The key downside of spinal fusion is that it prevents all motion in the fused segment. This eliminates the patient’s ability to flex, twist, and bend the spine normally. As a result, patients may no longer be able to partake in their favorite sports and activities after spinal fusion surgery.
The spinal segments that are adjacent to the fused vertebrae must undergo additional stress to compensate for the fusion. This can lead to a complication known as adjacent segment disease (ASD), with which the adjacent vertebrae deteriorate at a more rapid rate. ASD can lead to lower back pain, radiating pain, difficulty walking or standing, and neurological symptoms.
Today, the TOPS™ (Total Posterior Spine) System provides an alternative to spinal fusion that preserves the spine’s natural full range of motion. This advanced spinal implant has been shown to provide better outcomes than fusion in clinical studies performed around the world.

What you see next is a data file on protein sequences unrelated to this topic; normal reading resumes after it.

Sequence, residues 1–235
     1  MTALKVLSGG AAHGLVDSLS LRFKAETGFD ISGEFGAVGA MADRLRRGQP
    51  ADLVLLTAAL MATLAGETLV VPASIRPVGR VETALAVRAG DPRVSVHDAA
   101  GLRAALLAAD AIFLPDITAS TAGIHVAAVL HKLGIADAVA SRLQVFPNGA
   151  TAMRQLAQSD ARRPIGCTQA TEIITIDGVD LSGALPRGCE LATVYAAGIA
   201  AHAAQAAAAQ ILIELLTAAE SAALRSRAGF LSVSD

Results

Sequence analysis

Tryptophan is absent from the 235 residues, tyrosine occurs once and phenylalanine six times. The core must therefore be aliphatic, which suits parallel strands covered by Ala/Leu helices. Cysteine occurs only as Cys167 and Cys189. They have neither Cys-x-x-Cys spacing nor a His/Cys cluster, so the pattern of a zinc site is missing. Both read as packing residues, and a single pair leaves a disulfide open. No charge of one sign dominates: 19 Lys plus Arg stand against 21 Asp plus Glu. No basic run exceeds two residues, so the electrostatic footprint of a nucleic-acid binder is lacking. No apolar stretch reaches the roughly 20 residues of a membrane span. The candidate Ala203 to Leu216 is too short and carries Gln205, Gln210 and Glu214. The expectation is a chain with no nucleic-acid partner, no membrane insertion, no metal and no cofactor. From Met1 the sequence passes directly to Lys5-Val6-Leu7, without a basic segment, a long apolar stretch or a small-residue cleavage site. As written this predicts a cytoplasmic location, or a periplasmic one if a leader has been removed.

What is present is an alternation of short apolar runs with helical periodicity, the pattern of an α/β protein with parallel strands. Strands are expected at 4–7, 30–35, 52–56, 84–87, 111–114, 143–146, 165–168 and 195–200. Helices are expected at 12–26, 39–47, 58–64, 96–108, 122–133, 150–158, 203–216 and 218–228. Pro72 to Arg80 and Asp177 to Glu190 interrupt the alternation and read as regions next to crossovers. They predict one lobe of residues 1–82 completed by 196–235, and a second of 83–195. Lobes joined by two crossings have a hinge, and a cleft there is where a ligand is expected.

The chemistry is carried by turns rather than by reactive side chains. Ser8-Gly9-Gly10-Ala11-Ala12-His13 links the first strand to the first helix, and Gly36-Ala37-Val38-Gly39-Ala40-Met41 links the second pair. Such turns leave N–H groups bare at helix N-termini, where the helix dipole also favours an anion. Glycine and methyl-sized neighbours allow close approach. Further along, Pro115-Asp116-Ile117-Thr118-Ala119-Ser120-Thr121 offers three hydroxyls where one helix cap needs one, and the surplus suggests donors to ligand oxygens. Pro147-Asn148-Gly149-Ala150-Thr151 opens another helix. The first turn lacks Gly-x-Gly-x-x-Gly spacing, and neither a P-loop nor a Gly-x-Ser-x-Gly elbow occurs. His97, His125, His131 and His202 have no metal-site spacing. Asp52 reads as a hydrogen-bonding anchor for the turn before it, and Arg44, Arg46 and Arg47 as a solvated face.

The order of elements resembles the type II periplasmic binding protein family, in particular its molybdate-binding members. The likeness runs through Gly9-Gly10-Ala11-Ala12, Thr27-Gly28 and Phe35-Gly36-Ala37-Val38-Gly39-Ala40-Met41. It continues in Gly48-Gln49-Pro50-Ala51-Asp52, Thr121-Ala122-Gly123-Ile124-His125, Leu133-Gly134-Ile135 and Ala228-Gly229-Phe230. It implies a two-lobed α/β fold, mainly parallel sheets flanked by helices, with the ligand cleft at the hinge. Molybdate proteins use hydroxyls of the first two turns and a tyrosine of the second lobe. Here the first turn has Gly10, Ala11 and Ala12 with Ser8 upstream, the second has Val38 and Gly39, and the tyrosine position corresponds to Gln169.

The TOPS™ System provides an important additional treatment option for individuals with moderate to severe pinched nerve symptoms. It can provide a major improvement in lower back pain for patients who don’t respond to non-surgical lumbar spinal decompression therapy.
The recovery period for lumbar decompression surgery can vary depending on the exact procedure and whether or not spinal fusion is performed. However, patients can generally expect to wait four to six weeks before reaching their expected degree of mobility and returning to work.
Spinal fusion prolongs the recovery process for lumbar decompression surgery. It can take up to a year to fully recover from fusion. With this in mind, the TOPS™ System can significantly reduce the lumbar decompression surgery recovery time, allowing patients to return to physical activity much sooner.
Lumbar decompression surgery is an invasive procedure. So, as with any surgical procedure, it comes with certain risks.
With that said, lumbar decompression is widely performed and considered safe. Advancements in medical technology have even made minimally-invasive lumbar decompression surgery possible. This allows for greater safety and a lower risk of complications.
If you have symptoms of a pinched nerve, don’t hesitate to talk to your doctor about the complete scope of treatment options available to you.